Feds: Delay Massey investors' case until July 15

Feds seek to extend delay in Massey investors' lawsuit, shield criminal evidence until July 15

Associated Press

MORGANTOWN, W.Va. (AP) -- Federal prosecutors will ask a judge this week to further delay a long-running lawsuit by investors who accuse Massey Energy of lying about its safety record to inflate stock prices before the Upper Big Branch mine disaster.

A previous order to delay the investors' case expired last week, and U.S. Attorney Booth Goodwin wants a new extension until July 15.

U.S. District Judge Irene Berger will hear the motion in her chambers Thursday afternoon in Beckley.

Goodwin, who asked that the hearing be held in private, said he needs to protect the integrity of evidence gathered in the continuing criminal probe of the 2010 disaster that killed 29 men. Berger will get an explanation that shows the risks to his case "are more than speculative or abstract," he wrote in a motion last week.

The defendants in the civil case either do not oppose or have taken no position on the delay request.

Some of the defendants in the civil action "may be or may become" targets of the criminal probe, Goodwin said. Among them are former chief executive officer Don Blankenship, his successor, Baxter Phillips, and former chief operating officer Chris Adkins.

"At present, these individual defendants have no access to the vast majority of the evidence material to the criminal investigation," Goodwin wrote. "They do not know, in other words, what information might be in the government's possession."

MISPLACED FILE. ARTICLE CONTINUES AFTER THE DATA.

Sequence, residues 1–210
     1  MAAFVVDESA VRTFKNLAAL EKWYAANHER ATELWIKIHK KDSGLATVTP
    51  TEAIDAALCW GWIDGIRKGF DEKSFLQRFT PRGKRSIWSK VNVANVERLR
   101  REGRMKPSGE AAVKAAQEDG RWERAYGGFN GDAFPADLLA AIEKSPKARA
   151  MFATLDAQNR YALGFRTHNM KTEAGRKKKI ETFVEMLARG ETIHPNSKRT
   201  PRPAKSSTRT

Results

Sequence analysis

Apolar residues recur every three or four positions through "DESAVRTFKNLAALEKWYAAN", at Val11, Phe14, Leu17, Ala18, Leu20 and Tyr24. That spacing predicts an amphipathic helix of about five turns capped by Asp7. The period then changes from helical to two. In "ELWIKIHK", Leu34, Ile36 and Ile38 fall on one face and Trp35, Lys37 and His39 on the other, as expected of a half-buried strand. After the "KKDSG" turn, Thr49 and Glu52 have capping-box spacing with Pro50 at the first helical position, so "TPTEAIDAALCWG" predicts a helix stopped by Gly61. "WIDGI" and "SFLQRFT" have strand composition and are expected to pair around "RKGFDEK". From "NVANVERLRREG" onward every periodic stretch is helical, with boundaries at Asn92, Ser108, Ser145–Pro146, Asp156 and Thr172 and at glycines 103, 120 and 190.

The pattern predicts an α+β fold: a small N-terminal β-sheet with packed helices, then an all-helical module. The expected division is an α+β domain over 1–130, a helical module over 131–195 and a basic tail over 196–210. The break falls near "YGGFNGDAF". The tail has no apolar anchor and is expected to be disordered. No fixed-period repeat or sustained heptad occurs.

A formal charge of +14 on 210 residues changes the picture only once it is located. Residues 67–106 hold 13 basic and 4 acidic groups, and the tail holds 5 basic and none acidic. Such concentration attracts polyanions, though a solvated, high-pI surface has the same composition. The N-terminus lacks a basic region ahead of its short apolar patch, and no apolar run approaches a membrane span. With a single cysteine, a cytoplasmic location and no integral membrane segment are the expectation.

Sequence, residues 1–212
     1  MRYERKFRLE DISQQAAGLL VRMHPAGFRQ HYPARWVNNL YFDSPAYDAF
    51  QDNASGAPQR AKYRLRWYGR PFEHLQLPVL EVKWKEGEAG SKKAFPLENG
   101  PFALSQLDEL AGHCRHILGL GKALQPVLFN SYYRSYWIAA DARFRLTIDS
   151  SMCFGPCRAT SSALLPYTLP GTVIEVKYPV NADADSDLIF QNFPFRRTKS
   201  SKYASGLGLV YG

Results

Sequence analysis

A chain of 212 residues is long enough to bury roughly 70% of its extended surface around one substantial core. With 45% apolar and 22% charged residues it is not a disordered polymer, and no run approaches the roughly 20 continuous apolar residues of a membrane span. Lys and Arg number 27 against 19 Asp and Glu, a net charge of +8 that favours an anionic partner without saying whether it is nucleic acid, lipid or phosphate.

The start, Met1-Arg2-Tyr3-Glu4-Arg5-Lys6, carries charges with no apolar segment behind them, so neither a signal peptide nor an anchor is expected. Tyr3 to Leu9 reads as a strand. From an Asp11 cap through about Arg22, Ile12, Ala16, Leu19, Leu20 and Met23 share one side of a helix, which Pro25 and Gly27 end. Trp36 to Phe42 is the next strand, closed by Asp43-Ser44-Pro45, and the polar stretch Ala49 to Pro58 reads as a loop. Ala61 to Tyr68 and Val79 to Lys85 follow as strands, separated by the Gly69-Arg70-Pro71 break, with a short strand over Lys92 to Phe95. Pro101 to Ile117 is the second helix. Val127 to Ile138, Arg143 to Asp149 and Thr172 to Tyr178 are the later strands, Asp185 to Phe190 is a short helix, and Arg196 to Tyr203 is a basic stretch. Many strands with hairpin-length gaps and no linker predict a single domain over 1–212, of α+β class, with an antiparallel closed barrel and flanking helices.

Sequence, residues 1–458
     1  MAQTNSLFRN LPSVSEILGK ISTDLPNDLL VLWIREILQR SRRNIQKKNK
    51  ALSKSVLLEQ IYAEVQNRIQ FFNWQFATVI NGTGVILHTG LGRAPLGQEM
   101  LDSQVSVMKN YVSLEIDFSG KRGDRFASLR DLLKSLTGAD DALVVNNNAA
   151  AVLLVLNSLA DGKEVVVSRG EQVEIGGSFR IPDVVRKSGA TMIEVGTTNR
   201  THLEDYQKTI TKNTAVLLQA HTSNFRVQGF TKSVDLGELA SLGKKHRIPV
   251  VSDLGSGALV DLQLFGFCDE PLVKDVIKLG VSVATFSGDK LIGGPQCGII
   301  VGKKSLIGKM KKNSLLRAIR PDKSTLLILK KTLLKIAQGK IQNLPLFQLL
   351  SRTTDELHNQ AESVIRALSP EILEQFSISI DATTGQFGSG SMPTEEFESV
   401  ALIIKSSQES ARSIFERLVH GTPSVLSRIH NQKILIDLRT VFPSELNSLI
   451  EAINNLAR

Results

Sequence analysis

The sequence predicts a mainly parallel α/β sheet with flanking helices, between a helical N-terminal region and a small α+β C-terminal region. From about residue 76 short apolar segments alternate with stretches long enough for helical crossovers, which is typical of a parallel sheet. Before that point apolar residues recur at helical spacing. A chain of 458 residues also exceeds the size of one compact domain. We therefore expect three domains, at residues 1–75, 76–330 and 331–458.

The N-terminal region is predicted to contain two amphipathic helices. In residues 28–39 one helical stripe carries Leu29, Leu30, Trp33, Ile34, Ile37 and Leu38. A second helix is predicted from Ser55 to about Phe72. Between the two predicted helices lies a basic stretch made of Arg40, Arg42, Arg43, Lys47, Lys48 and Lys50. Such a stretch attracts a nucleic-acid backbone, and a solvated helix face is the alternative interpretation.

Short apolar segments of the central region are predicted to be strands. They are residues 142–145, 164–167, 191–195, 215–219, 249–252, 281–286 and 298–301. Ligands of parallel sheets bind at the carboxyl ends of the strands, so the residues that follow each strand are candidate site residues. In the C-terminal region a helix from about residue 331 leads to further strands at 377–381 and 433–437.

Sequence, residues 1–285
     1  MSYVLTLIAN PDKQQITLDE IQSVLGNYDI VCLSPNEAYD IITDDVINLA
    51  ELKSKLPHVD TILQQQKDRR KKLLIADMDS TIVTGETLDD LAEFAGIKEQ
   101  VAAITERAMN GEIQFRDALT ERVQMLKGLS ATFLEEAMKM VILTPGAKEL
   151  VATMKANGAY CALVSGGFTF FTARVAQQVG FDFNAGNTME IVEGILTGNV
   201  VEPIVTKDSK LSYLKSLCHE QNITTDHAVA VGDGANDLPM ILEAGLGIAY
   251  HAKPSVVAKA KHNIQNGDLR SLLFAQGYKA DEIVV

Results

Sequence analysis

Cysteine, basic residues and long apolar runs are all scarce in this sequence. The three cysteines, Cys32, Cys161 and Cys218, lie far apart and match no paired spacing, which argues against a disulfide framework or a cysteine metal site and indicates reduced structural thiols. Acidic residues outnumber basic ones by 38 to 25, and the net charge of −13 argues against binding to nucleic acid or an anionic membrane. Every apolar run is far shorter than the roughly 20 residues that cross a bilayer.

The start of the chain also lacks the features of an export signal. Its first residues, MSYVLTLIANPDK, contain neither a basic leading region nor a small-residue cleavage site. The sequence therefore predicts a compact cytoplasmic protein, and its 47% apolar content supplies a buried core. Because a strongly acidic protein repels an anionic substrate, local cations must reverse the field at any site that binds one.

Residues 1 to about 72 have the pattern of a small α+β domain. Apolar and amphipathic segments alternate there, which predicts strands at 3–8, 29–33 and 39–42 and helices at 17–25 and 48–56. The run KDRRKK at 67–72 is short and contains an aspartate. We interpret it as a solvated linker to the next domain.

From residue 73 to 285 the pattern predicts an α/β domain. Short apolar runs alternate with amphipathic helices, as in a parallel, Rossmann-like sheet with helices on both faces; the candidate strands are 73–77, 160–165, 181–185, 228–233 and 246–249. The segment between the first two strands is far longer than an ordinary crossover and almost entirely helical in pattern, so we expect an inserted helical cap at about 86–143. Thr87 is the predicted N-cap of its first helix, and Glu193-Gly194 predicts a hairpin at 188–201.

Sharing evidence now would reveal both the status and direction of the criminal investigation, Goodwin said.

At worst, he said, it could let the potential criminal targets "shape their own statements" to the investigation or obstruct justice by influencing the testimony of others.

Investors led by the Massachusetts Pension Reserves Investment contend that Massey repeatedly lied about its safety record, artificially inflating stock prices between 2008 and 2010. They say shareholders had no idea of the company's abysmal record and history of violations until after the southern West Virginia mine exploded.

Massey has since been bought out by Virginia-based Alpha Natural Resources Inc.

Four investigations found the blast at Upper Big Branch was sparked by worn and broken equipment, fueled by accumulations of methane gas and coal dust, and allowed to spread because of clogged and broken water sprayers.

Investigators also found "systematic, intentional and aggressive efforts" to hide problems and throw off inspectors, including the falsification of safety records.

Former superintendent Gary May and security chief Hughie Elbert Stover are behind bars for their actions at the mine.

A former president of another Massey subsidiary, meanwhile, is awaiting sentencing for conspiracy June 25 in Beckley.

David Craig Hughart, who is cooperating with federal prosecutors in the continuing criminal probe, has testified that advance warnings of inspections were a widespread company practice. When Berger asked at his plea hearing who created that policy, he implicated Blankenship.

The former CEO's attorneys, however, say Blankenship did nothing wrong.

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